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Those Guys Have All the Fun: Inside the World of ESPN Paperback – December 1, 2011
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"Those who work in the business of sport will devour the book...[readers are] granted the kind of behind-the-scenes access that sports media junkies are rarely given..." (SportsIllustrated.com Richard Deitsch )
"Those Guys Have All the Fun is a de rigueur read for sports fans who wonder how a fired hockey announcer used a $9,000 credit card advance to start a broadcasting empire that changed what we think about sports and how we view them." (Denver Post Woody Paige )
"Packed with entertaining stories of unpleasant people and awful behavior....[Those Guys Have All the Fun is] offers a nuanced look at ESPN, does some top-notch TV-biz reporting on the early days of the cable industry, and offers compelling behind-the-scenes stories...[It is] a serious, impressive, piece of work." (Entertainment Weekly Rob Brunner )
"A revelation: what goes onto the TV screen turns out to be just the glossy tip of an iceberg of ugly backstage drama. Miller and Shales must be extraordinarily talented interviewers, because their subjects are surprisingly uninhibited and frank and willing to dish and slag....[They are] good at zeroing in on a debacle and getting everybody involved to weigh in...by the end of the book you're amazed at the disconnect between the chaos behind the scenes and the relatively slick end product." (Time Lev Grossman )
"Fascinating and compulsively readable." (Wall Street Journal Tim Marchman )
"A fascinating little-engine-that-could tale of money, power and the early days of cable television." (Cleveland Plain Dealer Clint O?Connor )
"As highly anticipated by sports junkies as a Chicago Cubs championship, [Those Guys Have All the Fun] provides painstaking details on how a nutty idea concocted by a father-son team developed into a brand worth more than the NHL, MLB and NBA combined...Shales and Miller manage to create a page-turning document about the ultimate dysfunctional workplace" (Minneapolis Star Tribune Neil Justin )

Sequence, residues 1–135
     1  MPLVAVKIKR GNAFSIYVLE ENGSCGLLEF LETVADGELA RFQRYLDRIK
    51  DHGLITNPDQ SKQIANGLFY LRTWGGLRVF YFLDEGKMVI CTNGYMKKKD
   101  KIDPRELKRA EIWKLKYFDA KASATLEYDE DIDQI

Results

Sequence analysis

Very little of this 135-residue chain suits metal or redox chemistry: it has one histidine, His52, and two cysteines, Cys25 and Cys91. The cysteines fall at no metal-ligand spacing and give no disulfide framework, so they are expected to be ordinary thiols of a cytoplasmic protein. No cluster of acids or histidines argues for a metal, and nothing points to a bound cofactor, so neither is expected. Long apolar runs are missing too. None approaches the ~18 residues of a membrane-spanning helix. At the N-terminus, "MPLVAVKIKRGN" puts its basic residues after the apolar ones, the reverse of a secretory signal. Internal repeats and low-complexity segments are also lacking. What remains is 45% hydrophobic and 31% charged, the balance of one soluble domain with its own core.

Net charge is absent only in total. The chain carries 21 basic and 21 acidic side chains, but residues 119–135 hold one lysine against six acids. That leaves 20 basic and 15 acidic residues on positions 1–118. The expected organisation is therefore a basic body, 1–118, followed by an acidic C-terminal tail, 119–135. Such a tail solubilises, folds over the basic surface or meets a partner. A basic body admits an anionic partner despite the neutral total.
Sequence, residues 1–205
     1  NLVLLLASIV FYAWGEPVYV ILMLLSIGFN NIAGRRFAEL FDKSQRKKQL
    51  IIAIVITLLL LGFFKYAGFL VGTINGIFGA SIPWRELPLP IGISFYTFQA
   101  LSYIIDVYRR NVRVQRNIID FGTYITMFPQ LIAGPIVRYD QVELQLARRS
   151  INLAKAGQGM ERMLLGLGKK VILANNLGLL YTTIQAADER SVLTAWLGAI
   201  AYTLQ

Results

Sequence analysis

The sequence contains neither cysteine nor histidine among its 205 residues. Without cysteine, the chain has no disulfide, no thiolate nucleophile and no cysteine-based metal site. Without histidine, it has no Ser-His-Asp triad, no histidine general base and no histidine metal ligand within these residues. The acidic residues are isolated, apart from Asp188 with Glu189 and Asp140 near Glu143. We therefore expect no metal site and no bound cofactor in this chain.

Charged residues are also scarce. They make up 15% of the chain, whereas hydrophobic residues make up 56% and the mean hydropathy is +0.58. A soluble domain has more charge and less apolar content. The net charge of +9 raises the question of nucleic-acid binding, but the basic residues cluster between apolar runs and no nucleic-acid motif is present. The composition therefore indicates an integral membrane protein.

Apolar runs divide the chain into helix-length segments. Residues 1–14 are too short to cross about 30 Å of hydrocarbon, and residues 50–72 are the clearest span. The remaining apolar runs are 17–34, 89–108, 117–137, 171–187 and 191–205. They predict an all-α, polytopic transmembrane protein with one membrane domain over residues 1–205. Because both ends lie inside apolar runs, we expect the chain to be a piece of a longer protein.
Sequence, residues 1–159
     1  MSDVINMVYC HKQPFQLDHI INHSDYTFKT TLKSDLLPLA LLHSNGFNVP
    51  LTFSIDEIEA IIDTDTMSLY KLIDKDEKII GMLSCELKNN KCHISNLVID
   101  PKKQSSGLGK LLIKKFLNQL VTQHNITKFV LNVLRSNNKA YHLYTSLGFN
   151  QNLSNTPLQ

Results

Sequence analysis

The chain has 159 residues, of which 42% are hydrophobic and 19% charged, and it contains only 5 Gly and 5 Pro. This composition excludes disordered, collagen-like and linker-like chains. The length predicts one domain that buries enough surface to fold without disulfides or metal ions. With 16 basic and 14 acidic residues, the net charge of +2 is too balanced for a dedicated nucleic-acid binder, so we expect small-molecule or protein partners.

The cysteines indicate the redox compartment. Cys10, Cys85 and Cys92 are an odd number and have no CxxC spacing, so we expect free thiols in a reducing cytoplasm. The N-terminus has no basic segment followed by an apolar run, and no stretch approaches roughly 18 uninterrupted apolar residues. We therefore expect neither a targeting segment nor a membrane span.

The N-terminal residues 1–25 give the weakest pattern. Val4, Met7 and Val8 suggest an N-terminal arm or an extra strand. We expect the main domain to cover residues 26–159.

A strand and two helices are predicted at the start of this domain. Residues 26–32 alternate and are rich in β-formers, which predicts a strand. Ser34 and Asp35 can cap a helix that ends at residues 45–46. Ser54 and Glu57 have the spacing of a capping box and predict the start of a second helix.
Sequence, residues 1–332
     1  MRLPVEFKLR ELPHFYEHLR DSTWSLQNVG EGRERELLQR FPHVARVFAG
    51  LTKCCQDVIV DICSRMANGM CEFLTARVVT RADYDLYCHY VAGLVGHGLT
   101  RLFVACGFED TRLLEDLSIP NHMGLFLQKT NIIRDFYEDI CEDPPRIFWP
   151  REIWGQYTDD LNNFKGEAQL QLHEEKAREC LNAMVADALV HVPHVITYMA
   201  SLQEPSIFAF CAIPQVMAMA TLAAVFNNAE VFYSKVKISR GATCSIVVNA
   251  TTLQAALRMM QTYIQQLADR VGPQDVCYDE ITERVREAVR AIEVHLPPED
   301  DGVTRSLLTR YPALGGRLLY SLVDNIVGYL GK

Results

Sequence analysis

"...Perhaps the most anticipated book in sports media history." (Newsday )
"Those Guys Have All the Fun delivers a hell of a narrative...[and] an outstanding work of journalism. Easing interviewees into such comfort that they said what they did on record is an enormous achievement for Miller and Shales." (Fortune Daniel Roberts )
"This treat for sports fans has a cast of characters that is huge and varied." (New York Times Janet Maslin )
"What a story: larger-than-life personalities, salacious gossip, backstabbing and corporate intrigue set against the backdrop of the rise of cable television as an economic and cultural force....The quotes flow seamlessly, and the voices are fresh and vibrant...The depth and breadth of the interviews make it not only the definitive account of ESPN's first three decades but one of the best books yet on how cable shaped American culture." (Hollywood Reporter Andy Lewis )
"A rollicking glimpse behind the guys and gals who sport around at ESPN, America's sports church. Amen." (Publishers Weekly ) --This text refers to an out of print or unavailable edition of this title.
About the Author
Tom Shales is America's foremost television critic, having won the Pulitzer Prize for Criticism in 1989. His books include On the Air!, Legends and, as coauthor, Live from New York. For twenty-five years, he was film critic for National Public Radio.
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Top Customer Reviews
1) Original founders Bill and Scott Rasmussen's decision to buy a transpounder on RCA SATCOM I in 1978.
2) Getty Oil's investment of $15 million in May of 1979.